If your belly hurts, you will probably see what is going on with your gut. However, if your head hurts, your gut might be the last thing you think of. You might simply accept headaches as a fact of life and suppress the pain with medication. Who can blame you? Afterall, the head is so far away from the gut and that is the way mainstream medical care approaches most health problems—prescribe a medication aimed at where it hurts. Headaches, even migraines are a good example, but surprisingly, lots of conditions and diseases start in the gut.
About 13 percent of men and 33 percent of women will regularly experience migraine headaches. Science cannot tell us exactly how migraines are caused. However, several studies suggest that migraines are an inflammatory disorder that may be associated with inflammatory gastrointestinal disorders like the “leaky gut syndrome”. For example, a 2014 study published in the medical journal “Frontiers in Neurology”, concluded that people who have the type of inflammatory bowel conditions with associated increased intestinal permeability, often had a two to three times higher risk of suffering from migraines.
As shown in these crude diagrams, the intestinal mucus membrane serves two functions. One, because of protrusions called “villi” and “micro-villi”, it has a huge surface area for absorbing nutrients. It is also a barrier that protects the blood circulation from intestinal contents which do not belong elsewhere in the body. If, as shown in the leaky gut diagram, the intestinal mucosa becomes permeable with gaps in this barrier, harmful substances can pass unhindered into the bloodstream. As a result, the immune system will react with inflammatory and allergic processes causing pain and degeneration in remote parts of the body. In addition to intestinal symptoms and migraines, this can lead to a variety of other problems such as autoimmune diseases, arthritis and sleeping disorders. As you can imagine, when the gut lining is damaged and the villi are degraded, nutritional absorption is greatly reduced. That in turn makes it harder for the body to deal with the harmful things being absorbed. Several common factors can cause a leaky gut: an unhealthy diet, stress, the intake of antibiotics, mycosis [fungus overgrowth], viruses and chemo therapy.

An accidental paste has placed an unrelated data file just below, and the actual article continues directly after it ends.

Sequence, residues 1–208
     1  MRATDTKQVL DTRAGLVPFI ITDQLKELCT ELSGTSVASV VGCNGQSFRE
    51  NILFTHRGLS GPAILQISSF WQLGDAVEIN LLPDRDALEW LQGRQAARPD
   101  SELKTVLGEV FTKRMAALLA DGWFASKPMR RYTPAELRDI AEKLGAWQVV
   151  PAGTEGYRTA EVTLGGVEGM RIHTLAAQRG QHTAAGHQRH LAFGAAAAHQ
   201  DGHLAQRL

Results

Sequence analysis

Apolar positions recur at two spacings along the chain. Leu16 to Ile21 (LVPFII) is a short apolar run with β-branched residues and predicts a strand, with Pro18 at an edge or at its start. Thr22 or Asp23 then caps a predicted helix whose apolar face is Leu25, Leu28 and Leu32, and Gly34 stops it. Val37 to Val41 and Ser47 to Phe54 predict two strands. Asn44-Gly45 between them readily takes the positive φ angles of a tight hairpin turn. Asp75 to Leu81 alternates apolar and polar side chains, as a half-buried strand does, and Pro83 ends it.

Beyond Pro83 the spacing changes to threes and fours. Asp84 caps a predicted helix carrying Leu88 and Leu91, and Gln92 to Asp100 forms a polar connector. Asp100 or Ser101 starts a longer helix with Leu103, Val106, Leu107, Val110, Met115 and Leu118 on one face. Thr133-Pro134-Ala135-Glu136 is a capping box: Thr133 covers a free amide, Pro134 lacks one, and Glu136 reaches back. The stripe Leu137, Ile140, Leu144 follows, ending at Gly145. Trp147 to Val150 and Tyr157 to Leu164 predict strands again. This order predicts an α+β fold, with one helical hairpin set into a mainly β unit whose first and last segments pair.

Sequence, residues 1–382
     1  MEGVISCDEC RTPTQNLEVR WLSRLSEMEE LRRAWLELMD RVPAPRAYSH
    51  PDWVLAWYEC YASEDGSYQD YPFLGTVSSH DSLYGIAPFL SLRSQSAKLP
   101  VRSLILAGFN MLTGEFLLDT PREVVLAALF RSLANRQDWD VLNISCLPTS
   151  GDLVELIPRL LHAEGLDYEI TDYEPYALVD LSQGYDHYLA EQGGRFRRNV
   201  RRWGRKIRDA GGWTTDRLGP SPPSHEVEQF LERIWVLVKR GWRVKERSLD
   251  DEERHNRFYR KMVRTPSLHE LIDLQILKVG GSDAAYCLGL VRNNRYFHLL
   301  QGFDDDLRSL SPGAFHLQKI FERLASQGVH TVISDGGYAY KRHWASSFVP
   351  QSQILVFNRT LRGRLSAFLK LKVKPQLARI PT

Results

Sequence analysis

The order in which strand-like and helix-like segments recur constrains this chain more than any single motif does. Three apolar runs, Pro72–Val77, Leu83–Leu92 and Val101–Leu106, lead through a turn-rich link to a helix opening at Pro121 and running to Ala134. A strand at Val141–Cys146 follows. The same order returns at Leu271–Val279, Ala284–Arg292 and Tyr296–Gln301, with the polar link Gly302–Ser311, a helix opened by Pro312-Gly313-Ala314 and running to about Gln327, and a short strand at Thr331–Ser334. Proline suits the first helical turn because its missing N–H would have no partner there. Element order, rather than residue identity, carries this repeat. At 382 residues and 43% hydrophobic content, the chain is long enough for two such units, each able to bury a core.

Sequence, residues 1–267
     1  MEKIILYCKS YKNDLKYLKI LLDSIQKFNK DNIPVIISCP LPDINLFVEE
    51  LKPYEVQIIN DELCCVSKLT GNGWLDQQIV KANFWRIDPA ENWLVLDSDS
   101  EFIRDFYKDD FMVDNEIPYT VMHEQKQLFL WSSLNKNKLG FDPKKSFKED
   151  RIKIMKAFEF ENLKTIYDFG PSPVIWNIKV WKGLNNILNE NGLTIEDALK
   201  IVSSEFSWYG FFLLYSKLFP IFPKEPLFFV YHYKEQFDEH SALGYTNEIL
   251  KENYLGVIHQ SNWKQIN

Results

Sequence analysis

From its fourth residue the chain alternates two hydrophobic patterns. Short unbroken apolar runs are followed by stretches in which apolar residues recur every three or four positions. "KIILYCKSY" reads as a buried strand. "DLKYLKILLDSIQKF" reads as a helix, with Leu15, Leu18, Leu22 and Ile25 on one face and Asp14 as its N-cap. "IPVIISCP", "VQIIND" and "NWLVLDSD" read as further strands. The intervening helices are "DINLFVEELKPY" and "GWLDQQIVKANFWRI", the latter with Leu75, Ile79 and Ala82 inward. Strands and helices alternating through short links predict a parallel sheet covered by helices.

Diagnosis of leaky gut is possible through a simple stool test. Unfortunately, traditional check-ups at the doctor’s office often ignore the gut entirely or, at best, include very superficial stool tests. To heal, you must know what you are dealing with and for that, it is important to make sure the right markers are tested.
Tests detection to detect leaky gut should at least contain the following factors: Alpha-1-Antitrypsin (it reflects the permeability of the gut during inflammatory processes); Secretory IgA (it is an immune protein which reacts anti-inflammatory); and Zonulin (it is a protein molecule which helps with the regulation of tight junctions between cells in your intestinal wall). It is best to choose a test that also analyzes the intestinal flora [bacterial] balance and checks for yeasts [fungus]. A more comprehensive analysis not only shows if leaky gut is present, but also the reasons behind the condition so you and your doctor will know where to begin the gut renovation.
Note that the diagnosis test can either be done by a medical practitioner or through an at-home stool test. Find more information on the leaky gut syndrome and stool diagnosis on www.verisana.com. I arranged for our listeners to save 5% on any test by using the code HBN185. By the way, they will try to connect you with a doctor that knows what to do with the tests.
No matter if you have tests done or not, it surely will help the health of your gut to regularly take Dr. Ohhira’s Probiotics.
Saskia van Hemert et al., “Migraine Associated with Gastrointestinal Disorders: Review of the Literature and Clinical Implications”, Frontiers, November 2014.
Dr. Shahram Lavasani et al., “Intestinal barrier damage in multiple sclerosis”, ScienceDaily, September 2014
Fasano, Alessio, and Terez Shea-Donohue. “Mechanisms of disease: the role of intestinal barrier function in the pathogenesis of gastrointestinal autoimmune diseases.” Nature clinical practice Gastroenterology & Hepatology 2.9 (2005): 416-422.
Hollander, Daniel. “Intestinal permeability, leaky gut, and intestinal disorders.” Current gastroenterology reports 1.5 (1999): 410-416.
Sderholm, Johan D., and Mary H. Perdue. “II. Stress and intestinal barrier function.” American Journal of Physiology-Gastrointestinal and Liver Physiology 280.1 (2001): G7-G13
Lisa Richards. “How Are Leaky Gut Syndrome And Candida Linked?” The candida d